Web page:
Industrial Action At Greenpoint Terminal Market
In 1910, over 500 striking workers clashed with police at Brooklyn industrial hub, Greenpoint Market Terminal. The protesters were mostly working women from Poland and Lithuania. They were fed up of being treated as 'damned Pollacks' and felt that 'living ought not to be harder year by year' (The Brooklyn Eagle).
The police complained of the difficulties they had in fighting women. Men, they said, they could have dealt with by issuing 'a few punches with the nightsticks'.
The strikers were in some ways successful- they began a major effort to unionise the Brooklyn waterfront- but they were not able to halt manufacturing. Their employers, The American Manufacturing Company, hired Sicilian workers in their stead and it was back to business as normal. Almost.
A boiler explosion, blamed on the strikers, resulted in the deaths of 6 workers. Despite this, the company thrived, at one point becoming the world's largest manufacturer of rope. The Eagle even celebrated the Terminal in 1920, calling it one of the 'Wonders of Brooklyn'. The suffering of workers meant little to the press, just so long as the bottom line stayed strong.
Greenpoint Flea Market
Today, the industrial workers are long gone, together with the big manufacturing companies that employed them. In fact, most of Greenpoint Market Terminal has been burnt to the ground.
This does not mean the area is dead, however. The two large warehouses that remain are now occupied by a host of artists and creatives. And the vacant space in front of them hosts a market every weekend: Greenpoint Flea Market. A wide variety of food, drink and artisan produce can be found on offer there, along with frequent live music acts.
The terminal has become a vibrant cultural hub, but it took a long and difficult road to reach this status.
The Origins Of Greenpoint Terminal Market
In the early 1900s Greenpoint Terminal Market was a hotbed for big manufacturers, and none more so than the American Manufacturing Company. Shocking mistreatment and underpayment of employees aside, they were undoubtably an industrial titan. At one point they occupied sixteen of the Terminal's buildings and employed some 4,000 people.
Their main produce was military rope and they made so much of it that, during WW1 alone, you'd have been able to strech the fruit of their labours from New York to Australia and beyond.
Greenpoint Terminal Market Is Terminated
Eventually, however, the company went into decline. In the 60s they pivoted towards making shoelaces. They later went bankrupt.
The warehouses were then used for storage. Everything from fabric to coffee to diamonds were kept in them, but this still left a lot of empty space. Greepoint Terminal Market's industrial heyday was over.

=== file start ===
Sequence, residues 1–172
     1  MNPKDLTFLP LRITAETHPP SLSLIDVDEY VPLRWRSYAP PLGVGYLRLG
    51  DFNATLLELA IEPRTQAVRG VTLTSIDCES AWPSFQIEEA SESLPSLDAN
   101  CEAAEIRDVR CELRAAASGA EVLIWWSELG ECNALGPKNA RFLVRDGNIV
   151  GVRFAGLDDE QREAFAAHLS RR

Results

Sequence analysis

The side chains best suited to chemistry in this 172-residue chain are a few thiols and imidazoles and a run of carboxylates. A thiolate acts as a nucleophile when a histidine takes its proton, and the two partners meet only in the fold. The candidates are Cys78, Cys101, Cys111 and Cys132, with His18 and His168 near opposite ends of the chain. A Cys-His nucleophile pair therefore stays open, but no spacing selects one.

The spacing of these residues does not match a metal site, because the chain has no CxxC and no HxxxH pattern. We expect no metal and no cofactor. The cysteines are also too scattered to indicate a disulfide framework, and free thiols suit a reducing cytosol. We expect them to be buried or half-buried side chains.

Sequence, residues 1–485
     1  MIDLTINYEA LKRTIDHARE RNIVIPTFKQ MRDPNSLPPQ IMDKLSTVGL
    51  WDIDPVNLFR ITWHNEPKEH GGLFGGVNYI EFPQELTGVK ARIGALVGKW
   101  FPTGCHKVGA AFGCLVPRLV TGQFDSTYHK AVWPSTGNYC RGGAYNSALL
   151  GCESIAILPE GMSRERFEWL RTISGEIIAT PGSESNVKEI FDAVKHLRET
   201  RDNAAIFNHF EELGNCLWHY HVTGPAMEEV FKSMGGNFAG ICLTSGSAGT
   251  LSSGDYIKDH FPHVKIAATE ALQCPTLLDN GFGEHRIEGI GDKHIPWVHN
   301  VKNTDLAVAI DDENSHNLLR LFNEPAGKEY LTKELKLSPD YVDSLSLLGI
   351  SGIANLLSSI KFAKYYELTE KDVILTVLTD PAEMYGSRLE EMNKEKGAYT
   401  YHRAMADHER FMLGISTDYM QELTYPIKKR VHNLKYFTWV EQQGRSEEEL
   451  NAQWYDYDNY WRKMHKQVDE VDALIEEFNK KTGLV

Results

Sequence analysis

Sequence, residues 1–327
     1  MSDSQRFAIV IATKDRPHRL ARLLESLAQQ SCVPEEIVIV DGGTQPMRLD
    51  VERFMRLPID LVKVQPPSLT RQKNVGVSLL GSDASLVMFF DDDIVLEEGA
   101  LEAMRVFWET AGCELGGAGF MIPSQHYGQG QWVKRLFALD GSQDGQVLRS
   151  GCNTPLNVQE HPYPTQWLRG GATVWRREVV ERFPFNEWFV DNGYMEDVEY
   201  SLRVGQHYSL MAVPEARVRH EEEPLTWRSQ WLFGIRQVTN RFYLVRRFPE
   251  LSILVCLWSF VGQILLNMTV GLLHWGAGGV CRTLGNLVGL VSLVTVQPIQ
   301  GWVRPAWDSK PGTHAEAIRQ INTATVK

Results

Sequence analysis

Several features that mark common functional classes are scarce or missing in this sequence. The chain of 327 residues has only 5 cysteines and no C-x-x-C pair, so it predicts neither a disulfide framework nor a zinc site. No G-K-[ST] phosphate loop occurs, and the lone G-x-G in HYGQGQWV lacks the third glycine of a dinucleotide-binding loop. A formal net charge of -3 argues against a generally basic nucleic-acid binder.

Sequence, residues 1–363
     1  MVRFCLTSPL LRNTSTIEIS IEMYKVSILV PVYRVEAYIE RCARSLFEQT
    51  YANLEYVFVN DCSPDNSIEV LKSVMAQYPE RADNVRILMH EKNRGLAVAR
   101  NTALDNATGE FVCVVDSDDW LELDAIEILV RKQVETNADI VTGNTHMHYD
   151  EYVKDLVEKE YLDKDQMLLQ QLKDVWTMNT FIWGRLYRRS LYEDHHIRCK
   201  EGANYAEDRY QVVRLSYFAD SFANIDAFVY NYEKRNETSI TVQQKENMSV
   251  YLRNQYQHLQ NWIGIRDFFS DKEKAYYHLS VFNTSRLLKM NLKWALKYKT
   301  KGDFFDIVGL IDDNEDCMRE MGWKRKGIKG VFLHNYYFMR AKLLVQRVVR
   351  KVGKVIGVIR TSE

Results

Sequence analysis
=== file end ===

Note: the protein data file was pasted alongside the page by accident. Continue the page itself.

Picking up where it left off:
The Feral Years
The 80s and 90s saw the place grow deserted and derelict. Word spread, there was a roof to be had in Greepoint Terminal Market, rent-free. First came rats and feral dogs, then punks, drifters, squatters; disenfranchised people of all kinds moved in and found a home there.
All night parties were held. A 2,500ft skate rink was built. Electronic musicians and punk rockers put on concerts. At the time, the place was known as 'The Forgotten City', but, for those who remembered it, it was full of life and culture.
Fire And Activism
In the early 2000s, various preservationist groups were fighting to make Greenpoint a historical landmark when disaster struck. A 2006 fire destroyed all but two warehouses.
A Polish immigrant, Kuczera, claimed responsibility, saying he'd been melting plastic off of old wires to remove the valuable copper inside when the place had caught light. This seemed unlikely, however.
The buildings were made with the storage of goods in mind. They should have been flame retardant. The fire wouldn't have gotten so out of control without a bit of assistance. And there were some with motives to help it burn.
Landowner, Gutman, had good reason to want to see the place levelled. He had designs to knock it down anyway, to make way for more profitable developments. To him, the potential of it being made a historical landmark spelled disaster. A fire was the perfect solution.
Gutman was never found guilty of the blaze, but thankfully Kuczera was released with zero charge. Reports have it that he's back in Poland now, reunited with his wife and enjoying a lot of fishing.
Greenpoint Flea Market Rises From The Ashes
The fire could have been the end of Greenpoint. Gutman could have gotent his way and redeveloped the area, but this did not happen. The 2008 financial crisis slowed down any plans he might have had and, whilst he was recalibrating, the market took on new life.
Artists moved into the remaining warehouses. Then followed photo studios, a Hollywood stunt company and an artisan furniture store. Against all odds, the charred remains of Greenpoint Terminal Market were transformed into Greenpoint Flea Market.
Now, every weekend, people flock to it to enjoy the various food and drink stands, and to peruse local art and handmade goods. Live music shows are held, there are exercise classes and even an outdoor movie theater. The once abandoned area has truly risen again.
Interested in finding more places like this? Try one of our Scavenger Hunts in NYC - untangle cryptic clues as a team, as you are taken on a journey to the most unique, unusual and bizarre corners of NYC.
Want to discover more great markets around the world? Check out our articles on Perth's Fremantle Markets, London's Mercato Mayfair and Manchester's Mackie Mayor.